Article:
A leaner, livelier Rose Festival

Despite budget cutbacks, the festival association is in better shape than it was last year

It won't be apparent to parade-goers and other casual participants when the 96th annual Rose Festival gets under way this week, but the event's mother hen, the venerable Portland Rose Festival Association, has refocused and considerably pared down its expenses.

The belt-tightening reflects a determination arrived at last summer to put the association on a sounder financial footing while maintaining the festival's vitality, said Dick Clark, the association's executive director.

'Lots of festivals around the country and even locally have gone out of business or have had to dramatically cut back on their programs,' Clark said.

'In doing less, not being as widely spread out, we're able to do what we do better,' he said. 'We've been able to concentrate more on the parade.'

The 2003 Southwest Airlines Grand Floral Parade will have three more floats than it did in 2002. Despite the down economy, there will be 10 new sponsors Ñ including Ford Motor Co. and the Boeing Co.

Ford, the largest company among the festival's new sponsors, is celebrating its centennial in 2003. Its float will feature a flower-bedecked replica of a 1928 Model A Tudor, as well as roses from the garden that Henry Ford's wife, Clara, planted in 1915 at the couple's Fairlane estate in Dearborn, Mich.

In addition, the festival's official cars are Fords, and a Model T will be the Grand Floral Parade's pace car.

Boeing is sponsoring the international section of the parade, in some ways working in tandem with Southwest Airlines, the longtime title sponsor of the event Ñ Southwest's fleet consists of Boeing aircraft, Clark said.

Although admission to the Pepsi Waterfront Village will cost $5 after 5 p.m., up from last year's $3, the popular venue has expanded and will showcase 'a redesigned layout, national acts in a concert series,' Clark promised, along with 'better decorations, better music, lots of free stuff.'

The village, which attracts upward of 300,000 people during its 11-day run in Gov. Tom McCall Waterfront Park, is the festival association's largest single moneymaker.

Advance ticket sales for Rose Festival functions are ahead of 2002's figures Ñ and, in some cases, ahead of 2001's, Clark said.

'There are so many negative issues, from war and terrorism to SARS and school futures,' he observed. 'I think Portland is ready for this celebration now. É There's a buzz going right now that's really positive.'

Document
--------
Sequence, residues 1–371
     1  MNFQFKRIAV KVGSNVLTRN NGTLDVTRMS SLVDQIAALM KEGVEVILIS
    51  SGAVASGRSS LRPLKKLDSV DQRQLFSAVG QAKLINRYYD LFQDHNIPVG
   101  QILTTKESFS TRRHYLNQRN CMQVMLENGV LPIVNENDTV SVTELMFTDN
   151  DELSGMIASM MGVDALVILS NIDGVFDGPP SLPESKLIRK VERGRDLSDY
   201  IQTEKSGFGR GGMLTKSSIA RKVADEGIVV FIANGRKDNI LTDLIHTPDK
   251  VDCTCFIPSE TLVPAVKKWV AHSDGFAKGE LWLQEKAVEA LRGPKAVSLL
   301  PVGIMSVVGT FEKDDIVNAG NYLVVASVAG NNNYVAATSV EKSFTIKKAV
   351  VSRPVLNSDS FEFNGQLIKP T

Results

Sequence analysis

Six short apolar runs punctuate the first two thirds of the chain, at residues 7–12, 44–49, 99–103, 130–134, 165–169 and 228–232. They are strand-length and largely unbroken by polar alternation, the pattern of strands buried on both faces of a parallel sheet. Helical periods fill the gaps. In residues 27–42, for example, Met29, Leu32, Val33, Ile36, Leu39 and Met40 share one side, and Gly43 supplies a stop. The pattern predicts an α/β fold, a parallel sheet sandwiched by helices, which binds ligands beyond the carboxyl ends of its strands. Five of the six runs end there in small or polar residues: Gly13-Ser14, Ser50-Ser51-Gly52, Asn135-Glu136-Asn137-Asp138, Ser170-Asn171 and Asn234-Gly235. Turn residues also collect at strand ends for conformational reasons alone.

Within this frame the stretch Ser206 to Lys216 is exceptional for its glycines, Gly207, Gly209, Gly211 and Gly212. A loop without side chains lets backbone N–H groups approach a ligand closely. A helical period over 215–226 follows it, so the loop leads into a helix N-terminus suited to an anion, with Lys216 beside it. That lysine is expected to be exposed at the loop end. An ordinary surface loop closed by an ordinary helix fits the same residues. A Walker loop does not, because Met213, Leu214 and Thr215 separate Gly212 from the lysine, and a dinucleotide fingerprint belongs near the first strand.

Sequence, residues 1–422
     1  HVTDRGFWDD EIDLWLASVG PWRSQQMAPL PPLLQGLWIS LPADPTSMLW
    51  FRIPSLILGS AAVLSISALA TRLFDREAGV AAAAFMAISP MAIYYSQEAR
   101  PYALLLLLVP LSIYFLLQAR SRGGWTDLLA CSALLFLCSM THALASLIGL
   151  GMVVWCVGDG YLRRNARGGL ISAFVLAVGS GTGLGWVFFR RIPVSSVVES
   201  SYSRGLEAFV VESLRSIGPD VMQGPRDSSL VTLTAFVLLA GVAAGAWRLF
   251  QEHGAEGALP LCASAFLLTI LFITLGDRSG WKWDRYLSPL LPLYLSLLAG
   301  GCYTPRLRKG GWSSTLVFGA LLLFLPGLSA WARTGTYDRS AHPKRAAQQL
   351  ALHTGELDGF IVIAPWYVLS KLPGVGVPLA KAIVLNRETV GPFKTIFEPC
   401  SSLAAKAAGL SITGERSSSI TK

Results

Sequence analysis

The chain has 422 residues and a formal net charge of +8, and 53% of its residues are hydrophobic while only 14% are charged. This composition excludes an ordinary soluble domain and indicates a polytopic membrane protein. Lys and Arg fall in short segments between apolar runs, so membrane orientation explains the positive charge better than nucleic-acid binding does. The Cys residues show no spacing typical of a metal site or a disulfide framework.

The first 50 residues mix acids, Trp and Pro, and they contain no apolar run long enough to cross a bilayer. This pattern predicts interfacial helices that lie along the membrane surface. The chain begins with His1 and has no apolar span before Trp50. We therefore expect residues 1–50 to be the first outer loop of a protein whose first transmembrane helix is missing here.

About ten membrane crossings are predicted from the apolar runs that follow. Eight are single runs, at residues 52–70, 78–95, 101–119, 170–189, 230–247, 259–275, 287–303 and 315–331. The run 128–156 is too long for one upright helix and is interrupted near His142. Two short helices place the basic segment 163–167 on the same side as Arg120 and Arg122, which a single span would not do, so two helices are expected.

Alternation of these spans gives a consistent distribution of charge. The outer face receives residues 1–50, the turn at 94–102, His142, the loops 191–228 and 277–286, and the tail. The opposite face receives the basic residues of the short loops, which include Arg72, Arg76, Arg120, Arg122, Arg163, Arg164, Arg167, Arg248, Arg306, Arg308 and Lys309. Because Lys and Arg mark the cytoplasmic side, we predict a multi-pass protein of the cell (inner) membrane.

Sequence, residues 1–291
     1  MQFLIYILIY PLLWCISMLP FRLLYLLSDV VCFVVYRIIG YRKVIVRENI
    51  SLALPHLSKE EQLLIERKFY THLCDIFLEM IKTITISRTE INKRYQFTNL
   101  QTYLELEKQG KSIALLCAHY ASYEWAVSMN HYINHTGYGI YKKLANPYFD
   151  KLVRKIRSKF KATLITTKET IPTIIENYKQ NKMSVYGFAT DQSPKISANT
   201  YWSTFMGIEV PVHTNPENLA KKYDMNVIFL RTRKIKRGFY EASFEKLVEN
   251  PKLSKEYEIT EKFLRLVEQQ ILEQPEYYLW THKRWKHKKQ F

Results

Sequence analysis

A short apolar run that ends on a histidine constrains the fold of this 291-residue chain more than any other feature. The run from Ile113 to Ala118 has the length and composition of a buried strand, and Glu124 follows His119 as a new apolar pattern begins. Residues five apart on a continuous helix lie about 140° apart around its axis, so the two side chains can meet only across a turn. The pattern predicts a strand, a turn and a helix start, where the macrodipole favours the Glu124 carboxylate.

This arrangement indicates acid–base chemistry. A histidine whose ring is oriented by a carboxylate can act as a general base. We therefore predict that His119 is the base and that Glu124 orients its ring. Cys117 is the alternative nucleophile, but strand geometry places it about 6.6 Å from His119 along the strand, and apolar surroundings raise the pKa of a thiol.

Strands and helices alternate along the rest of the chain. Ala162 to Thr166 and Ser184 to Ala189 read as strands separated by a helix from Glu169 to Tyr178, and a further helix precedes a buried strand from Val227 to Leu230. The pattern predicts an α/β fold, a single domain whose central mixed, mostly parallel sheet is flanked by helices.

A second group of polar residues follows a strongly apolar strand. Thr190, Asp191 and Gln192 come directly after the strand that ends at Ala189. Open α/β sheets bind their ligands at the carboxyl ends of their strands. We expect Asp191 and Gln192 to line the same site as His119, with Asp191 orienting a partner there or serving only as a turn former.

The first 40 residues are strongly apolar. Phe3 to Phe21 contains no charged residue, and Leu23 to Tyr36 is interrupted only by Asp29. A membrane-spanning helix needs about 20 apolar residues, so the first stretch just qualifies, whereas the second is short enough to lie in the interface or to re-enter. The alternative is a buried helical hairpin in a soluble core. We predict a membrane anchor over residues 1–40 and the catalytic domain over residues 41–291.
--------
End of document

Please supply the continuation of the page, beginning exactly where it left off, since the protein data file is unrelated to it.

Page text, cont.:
Cutbacks in staff, spending

The results of an audit that showed the festival association lost $500,000 in 2002 didn't come as a surprise, Clark said. There were several 'budget busters' cutting into revenues last year, including dwindling sponsorships for the CART auto races and, in the wake of 9-11, huge increases in insurance and security spending.

As a result, a task force last summer looked at everything from postage expenses to personnel costs, eventually making more than 100 recommendations. 'We've executed almost all of the changes Ñ some big, some small,' Clark said.

They included reducing the size of the association's year-round staff from 16 to 13.

But the move that produced the biggest financial relief for the association was pulling out of the G.I. Joe's CART races and turning over the event's production and staging to the Championship Auto Racing Teams organization.

The auto race, set for June 20-22, still will be a Rose Festival event, and Clark said fans won't notice any changes. But the festival association's race budget is recording a huge difference, dropping from about $8 million to $3.7 million.

The association dodged another financial risk Ñ plus about $30,000 in insurance costs Ñ when it canceled the 2003 Hillsboro Air Show. Over the years, enthusiasm had diminished for the event, which sometimes fell far outside the traditional Rose Festival calendar.

The air show had gotten increasingly iffy in terms of attracting crowds, and therefore revenues, Clark said.

International exposure

This year's Grand Floral Parade will be broadcast to about 35 million viewers across the United States and, for the first time, in western Canada. In some markets, it will be broadcast in Spanish as well as English.

The festival association produces the telecast and buys television time; the vast exposure is a potent lure for sponsors.

'The mission is to promote the city and the region,' Clark said, and sponsors are attracted if they know they're getting airtime not only in Portland but also in a vast marketplace beyond the city.

Joe D'Alessandro, executive director of the Portland Oregon Visitors Association, said it's hard to quantify how many festival visitors come from out of town, but visitors' spending, plus additional spending by local residents who go to the various events, makes a strong impact.

A study done in 2000 estimated that the Rose Festival's economic contribution to Portland was $80 million.

D'Alessandro expects the CART races, which include Mexican and European race teams and also are televised, to bolster demand for Mexicana and Lufthansa airlines, both of which recently added service to Portland.

It's important that the Rose Festival, as a Portland institution, shouldn't be taken for granted, he said. 'We should realize what it does, in terms of visibility, economic enhancement, quality of life. There are few cities in the U.S. that really have a community festival that is their own, alive and well.'